It was both the sweetest thing in the world and the hardest fucking thing to have to calm my five year old son down and tell him that I’ll be back in just a few short days when he’s crying uncontrollably.

In these circumstances, it’s up to me to lighten the mood so that I can make sure he’s okay before I go.

Everything I do–everything I stand for–everything I am trying to be in this world is for that boy. I want him to grow up with confidence and faith that he can achieve anything he puts his mind to. Just as my father did for me.

At this point, I already knew I would sell out at Planet Comic-Con. There was no other choice.



DAY 1:

As always, something had to go wrong. The boxes of comics I shipped out the week before the show never arrived at their destination. I cannot begin to tell you how pissed I was.

Fortunately, I managed to track down the boxes quickly.  They were being held very close to the convention center and so I was able to grab them and go.

The moment the showroom floor opened, I was focused and ready for combat.

Kansas City has such a receptive audience for YI SOON SHIN. We performed beautifully and I met some wonderful people at this show. Great customers and just an all around good vibe.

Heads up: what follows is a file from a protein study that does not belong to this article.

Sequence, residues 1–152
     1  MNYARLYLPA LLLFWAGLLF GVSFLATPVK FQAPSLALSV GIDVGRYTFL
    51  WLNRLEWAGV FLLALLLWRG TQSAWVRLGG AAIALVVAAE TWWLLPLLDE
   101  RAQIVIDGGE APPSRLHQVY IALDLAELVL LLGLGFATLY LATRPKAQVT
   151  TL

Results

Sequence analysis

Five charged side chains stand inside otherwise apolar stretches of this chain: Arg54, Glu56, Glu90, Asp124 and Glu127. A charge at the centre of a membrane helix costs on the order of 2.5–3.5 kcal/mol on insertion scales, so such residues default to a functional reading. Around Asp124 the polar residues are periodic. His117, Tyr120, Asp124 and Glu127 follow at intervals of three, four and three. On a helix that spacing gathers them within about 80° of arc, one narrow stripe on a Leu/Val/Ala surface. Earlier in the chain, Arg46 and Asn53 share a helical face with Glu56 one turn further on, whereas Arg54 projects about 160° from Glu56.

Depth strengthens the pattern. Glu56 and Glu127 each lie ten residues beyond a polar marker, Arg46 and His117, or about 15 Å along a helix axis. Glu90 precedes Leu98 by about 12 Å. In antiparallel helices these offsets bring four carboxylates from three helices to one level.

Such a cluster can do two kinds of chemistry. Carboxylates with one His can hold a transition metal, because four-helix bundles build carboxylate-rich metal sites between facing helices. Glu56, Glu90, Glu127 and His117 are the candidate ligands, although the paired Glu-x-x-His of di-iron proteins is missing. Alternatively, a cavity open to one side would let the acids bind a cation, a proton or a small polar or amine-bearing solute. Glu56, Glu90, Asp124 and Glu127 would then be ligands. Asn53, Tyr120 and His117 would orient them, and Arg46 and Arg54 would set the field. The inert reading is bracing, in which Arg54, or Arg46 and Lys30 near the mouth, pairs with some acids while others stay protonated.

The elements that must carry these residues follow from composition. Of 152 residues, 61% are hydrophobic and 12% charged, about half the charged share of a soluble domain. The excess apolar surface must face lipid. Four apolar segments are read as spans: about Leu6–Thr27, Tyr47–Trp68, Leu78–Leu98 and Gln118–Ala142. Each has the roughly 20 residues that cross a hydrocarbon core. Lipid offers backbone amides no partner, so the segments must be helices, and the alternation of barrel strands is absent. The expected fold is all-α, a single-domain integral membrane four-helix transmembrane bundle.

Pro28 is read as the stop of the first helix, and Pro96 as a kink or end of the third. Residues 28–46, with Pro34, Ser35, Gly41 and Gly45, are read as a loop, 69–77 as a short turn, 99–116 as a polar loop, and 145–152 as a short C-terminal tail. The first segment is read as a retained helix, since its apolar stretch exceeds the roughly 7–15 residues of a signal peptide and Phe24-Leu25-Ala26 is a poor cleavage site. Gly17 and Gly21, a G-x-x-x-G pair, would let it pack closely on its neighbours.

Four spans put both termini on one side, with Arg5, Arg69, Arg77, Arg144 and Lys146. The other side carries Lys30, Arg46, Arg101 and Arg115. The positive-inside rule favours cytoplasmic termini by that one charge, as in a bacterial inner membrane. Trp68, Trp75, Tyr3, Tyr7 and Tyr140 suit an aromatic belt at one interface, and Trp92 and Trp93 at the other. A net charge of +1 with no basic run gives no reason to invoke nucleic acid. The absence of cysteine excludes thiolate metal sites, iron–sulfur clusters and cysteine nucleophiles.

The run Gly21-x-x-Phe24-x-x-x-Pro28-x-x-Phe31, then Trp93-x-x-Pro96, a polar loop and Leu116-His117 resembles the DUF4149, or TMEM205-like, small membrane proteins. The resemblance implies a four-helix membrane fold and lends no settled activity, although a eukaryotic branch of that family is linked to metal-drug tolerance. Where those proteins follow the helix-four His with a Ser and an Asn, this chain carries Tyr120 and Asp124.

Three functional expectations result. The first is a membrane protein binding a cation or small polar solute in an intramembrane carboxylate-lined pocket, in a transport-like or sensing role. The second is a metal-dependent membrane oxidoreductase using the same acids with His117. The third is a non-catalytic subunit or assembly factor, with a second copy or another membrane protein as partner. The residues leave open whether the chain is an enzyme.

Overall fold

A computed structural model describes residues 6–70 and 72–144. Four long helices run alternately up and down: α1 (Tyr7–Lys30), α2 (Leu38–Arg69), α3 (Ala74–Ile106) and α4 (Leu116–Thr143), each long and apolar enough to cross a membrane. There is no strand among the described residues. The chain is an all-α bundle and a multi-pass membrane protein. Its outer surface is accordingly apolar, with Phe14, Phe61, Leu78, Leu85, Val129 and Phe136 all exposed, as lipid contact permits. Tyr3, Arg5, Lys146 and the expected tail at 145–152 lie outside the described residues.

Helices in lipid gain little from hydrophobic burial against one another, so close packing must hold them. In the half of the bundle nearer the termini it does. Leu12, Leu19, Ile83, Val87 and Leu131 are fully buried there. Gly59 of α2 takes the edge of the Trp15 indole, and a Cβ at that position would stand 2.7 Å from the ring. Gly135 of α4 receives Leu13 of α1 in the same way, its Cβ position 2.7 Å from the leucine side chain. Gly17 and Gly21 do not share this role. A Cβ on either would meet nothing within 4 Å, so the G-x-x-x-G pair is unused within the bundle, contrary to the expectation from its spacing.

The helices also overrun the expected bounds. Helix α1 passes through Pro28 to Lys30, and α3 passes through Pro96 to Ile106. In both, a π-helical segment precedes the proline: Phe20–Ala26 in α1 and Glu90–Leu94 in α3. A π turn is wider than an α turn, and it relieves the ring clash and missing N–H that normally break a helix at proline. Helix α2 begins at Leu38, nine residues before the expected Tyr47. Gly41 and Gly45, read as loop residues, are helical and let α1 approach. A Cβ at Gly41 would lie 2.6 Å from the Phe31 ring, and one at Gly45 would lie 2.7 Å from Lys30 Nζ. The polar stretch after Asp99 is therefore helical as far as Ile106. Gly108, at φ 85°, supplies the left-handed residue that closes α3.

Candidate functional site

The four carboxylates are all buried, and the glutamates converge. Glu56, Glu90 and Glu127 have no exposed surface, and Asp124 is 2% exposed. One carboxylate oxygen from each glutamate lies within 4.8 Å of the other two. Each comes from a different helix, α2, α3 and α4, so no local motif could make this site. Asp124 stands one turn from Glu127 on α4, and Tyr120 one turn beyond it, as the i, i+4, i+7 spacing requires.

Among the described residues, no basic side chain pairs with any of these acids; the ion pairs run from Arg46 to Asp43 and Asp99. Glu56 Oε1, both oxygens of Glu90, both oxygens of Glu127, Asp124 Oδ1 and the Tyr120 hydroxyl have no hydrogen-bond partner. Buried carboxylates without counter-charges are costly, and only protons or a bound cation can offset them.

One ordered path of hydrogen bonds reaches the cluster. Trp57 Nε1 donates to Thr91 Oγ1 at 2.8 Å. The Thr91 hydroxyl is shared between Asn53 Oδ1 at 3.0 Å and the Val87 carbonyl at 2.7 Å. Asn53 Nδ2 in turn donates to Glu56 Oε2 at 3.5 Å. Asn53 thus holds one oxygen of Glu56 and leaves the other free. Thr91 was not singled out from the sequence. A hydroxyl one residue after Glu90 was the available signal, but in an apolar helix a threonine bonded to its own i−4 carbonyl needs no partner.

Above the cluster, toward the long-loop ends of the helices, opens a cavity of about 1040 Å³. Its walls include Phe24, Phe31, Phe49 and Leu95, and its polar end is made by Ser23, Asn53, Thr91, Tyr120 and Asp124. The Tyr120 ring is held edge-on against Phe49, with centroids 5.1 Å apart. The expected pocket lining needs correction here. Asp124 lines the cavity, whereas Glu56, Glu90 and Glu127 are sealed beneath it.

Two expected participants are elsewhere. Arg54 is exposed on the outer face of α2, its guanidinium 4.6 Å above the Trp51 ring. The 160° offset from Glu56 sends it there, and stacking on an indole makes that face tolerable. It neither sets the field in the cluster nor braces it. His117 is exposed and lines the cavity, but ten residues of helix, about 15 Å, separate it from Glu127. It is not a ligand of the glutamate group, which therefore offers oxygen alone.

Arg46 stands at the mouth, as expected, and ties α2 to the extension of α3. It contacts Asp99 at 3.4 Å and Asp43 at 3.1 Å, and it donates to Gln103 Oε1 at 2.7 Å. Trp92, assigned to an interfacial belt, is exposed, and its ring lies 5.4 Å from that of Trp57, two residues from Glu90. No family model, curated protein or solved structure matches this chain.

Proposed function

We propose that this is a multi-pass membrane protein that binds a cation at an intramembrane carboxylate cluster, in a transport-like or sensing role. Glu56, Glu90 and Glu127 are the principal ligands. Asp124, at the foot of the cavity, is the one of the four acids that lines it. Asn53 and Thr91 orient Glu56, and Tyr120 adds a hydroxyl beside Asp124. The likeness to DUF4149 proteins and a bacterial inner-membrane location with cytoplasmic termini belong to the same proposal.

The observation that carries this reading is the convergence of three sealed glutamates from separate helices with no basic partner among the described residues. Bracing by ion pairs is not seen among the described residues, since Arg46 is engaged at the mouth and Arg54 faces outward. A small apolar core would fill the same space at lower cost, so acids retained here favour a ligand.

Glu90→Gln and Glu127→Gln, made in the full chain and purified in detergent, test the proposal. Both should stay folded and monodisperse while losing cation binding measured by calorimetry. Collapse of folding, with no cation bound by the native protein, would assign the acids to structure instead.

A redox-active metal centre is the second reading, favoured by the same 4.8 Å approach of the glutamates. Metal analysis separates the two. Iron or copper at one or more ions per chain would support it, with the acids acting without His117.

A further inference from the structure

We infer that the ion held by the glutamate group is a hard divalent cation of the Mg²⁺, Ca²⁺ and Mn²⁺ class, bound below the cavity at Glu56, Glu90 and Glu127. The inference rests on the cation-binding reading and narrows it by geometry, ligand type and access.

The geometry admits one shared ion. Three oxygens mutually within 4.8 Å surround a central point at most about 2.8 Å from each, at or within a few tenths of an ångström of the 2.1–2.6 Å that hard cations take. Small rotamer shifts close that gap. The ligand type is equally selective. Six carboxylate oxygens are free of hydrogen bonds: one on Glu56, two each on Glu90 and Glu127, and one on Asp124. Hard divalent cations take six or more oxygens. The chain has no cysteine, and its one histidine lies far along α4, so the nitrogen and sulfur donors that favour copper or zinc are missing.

Day 1 ended with three hundred sixty books sold. I was relieved and ready for a great Saturday.


DAY 2:

Of course there is such a thing as convention jitters. Usually for me, they don’t go away until a show is finally over.

The reason is because you never know what to expect at any convention. You can’t control the customer and you can’t control how the convention staff markets the event. There are so many variables that are beyond our own comprehension that you can’t blame someone for having a bad show.

We don’t think about this often but setting up at a convention as an exhibitor is one of the most challenging business models because your clientele is always changing. One day you’re in Kansas City. The next day you’re in Alabama. You’re moving all over the place, with product, and trying to make a buck where you can and how you can.

That’s why, one of the keys to YI SOON SHIN’s ongoing victories is me being very selective of the shows that I attend. Planet Comic-Con is where I had my best performance in a single day at a convention last year. So this year I set out to top it.

And I did.